Homes for sale in Montclair are in a historic neighborhood developed in 1885 as a small suburb of Denver. Montclair was designed to attract wealthy buyers who wanted a quiet and elite place to live. They were required to build stone or brick homes that were at least three stories high and sat on lots twice the size of the standard Denver lots.
One founder, Matthias P. Cochrane, named this community Montclair in honor of his hometown of Montclair, New Jersey. The other founder was a German nobleman, Baron Walter von Richthofen, who was also the uncle of ‘Red Baron’, the World War I flying ace.
The town was incorporated in 1888, the Panic of 1893 caused all development to halt, and by 1900 the US Census recorded only 88 families. In 1902, the City and County of Denver, newly created, began its battle to incorporate Montclair. The town fought Denver all the way to the State Supreme Court, but it lost, and annexation became final in 1903. The Denver mayor at that time tried to ease the transition by beautification projects such as trees, monuments and fountains.
In 1975, the central heart of Montclair became one of the first neighborhoods to seek landmark designation as a historic district and was able to begin featuring its grand old surroundings and nineteenth-century Victorian and Queen Anne style architecture along with Tudor revival, cottages, bungalows, and modern Ranch-style houses.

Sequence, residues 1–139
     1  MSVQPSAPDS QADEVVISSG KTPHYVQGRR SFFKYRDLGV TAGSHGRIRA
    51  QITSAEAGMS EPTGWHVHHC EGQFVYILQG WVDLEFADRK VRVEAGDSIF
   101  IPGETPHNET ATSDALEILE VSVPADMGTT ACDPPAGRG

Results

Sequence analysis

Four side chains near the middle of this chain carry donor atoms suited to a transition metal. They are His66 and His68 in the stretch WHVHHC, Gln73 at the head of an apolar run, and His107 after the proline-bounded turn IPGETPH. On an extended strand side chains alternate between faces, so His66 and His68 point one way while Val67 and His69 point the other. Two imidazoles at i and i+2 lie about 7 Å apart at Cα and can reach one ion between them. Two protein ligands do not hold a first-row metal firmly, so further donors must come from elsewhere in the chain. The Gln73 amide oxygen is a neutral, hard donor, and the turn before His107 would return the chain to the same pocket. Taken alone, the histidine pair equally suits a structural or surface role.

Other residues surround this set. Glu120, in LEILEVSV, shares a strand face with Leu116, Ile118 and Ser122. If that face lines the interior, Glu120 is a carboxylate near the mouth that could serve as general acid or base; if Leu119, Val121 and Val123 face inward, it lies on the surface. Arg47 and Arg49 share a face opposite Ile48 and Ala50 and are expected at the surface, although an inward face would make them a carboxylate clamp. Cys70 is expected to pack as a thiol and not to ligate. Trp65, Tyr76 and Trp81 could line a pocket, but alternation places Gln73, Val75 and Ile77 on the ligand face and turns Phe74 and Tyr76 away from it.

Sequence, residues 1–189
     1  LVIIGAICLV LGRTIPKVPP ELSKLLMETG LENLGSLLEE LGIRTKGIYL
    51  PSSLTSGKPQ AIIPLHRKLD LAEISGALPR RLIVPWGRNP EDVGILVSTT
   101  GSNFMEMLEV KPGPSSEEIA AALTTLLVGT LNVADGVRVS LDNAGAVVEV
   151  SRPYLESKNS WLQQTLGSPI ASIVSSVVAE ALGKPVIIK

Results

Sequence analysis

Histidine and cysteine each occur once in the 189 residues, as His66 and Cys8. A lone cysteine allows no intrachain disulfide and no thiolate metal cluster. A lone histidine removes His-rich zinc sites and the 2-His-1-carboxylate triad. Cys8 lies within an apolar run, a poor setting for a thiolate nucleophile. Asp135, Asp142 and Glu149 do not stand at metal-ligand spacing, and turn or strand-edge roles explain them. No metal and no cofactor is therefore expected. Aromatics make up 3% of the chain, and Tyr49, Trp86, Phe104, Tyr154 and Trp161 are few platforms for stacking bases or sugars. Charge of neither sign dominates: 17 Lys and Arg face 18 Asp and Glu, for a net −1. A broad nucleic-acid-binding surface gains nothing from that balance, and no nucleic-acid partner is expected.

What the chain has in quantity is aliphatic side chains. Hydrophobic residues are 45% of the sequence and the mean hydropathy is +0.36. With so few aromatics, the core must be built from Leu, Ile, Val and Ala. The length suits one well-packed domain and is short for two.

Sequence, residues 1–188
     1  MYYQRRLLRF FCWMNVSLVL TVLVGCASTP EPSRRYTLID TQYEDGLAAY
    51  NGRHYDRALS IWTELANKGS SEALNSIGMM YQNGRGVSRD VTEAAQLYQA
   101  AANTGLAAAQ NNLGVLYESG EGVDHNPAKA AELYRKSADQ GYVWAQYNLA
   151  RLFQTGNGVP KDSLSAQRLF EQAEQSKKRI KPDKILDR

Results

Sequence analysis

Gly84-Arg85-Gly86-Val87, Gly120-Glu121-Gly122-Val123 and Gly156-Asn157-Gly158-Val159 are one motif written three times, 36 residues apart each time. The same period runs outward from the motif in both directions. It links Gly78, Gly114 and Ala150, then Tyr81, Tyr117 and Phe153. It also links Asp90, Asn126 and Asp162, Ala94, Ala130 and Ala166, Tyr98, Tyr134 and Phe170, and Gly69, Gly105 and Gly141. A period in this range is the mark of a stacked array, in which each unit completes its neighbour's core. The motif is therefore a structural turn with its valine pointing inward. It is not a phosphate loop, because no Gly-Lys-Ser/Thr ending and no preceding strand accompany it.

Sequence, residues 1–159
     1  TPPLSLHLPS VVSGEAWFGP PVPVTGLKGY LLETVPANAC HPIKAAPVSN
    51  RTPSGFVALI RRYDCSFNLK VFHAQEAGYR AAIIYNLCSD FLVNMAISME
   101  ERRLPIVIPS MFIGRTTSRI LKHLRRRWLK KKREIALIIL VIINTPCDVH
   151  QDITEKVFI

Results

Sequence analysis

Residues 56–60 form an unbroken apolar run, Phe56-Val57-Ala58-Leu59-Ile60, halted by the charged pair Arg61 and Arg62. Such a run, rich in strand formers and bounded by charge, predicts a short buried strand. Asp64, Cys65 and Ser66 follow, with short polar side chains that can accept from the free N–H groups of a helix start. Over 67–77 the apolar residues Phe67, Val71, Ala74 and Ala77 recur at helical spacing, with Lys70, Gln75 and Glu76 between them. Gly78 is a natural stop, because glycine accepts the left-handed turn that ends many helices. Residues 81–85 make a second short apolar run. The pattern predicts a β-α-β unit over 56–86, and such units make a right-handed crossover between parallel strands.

This limestone castle was the residence of Baron Walter von Richthofen at 7012 East 12th Avenue with its tall arched gateway, towers, and windmill.
The Italianate style brick house (built in 1886 at 1304 Olive Street) was originally called “Ardmore Place” by its original owner and town founder, Matthias Cochrane, who served as the first mayor and also built the first frame schoolhouse in 1887. The house also has a curved gable dormer, paired arched windows, and scrolled eve brackets.
1400 Monaco Parkway
This Spanish Colonial Revival style house was built in 1929 with one and two story wings, balconies, a tile roof, decorative iron on the windows, a recessed gabled entry, parapets, and the garden gates and entryway with decorative plaster work.
Van Sickle / Ball House
Located at 919 Newport Street, it is a two-story Queen Anne style red brick house built in 1890 with a columned front porch, bookend chimneys, a balcony on the second story, and a tower that has a shingled hexagonal roof.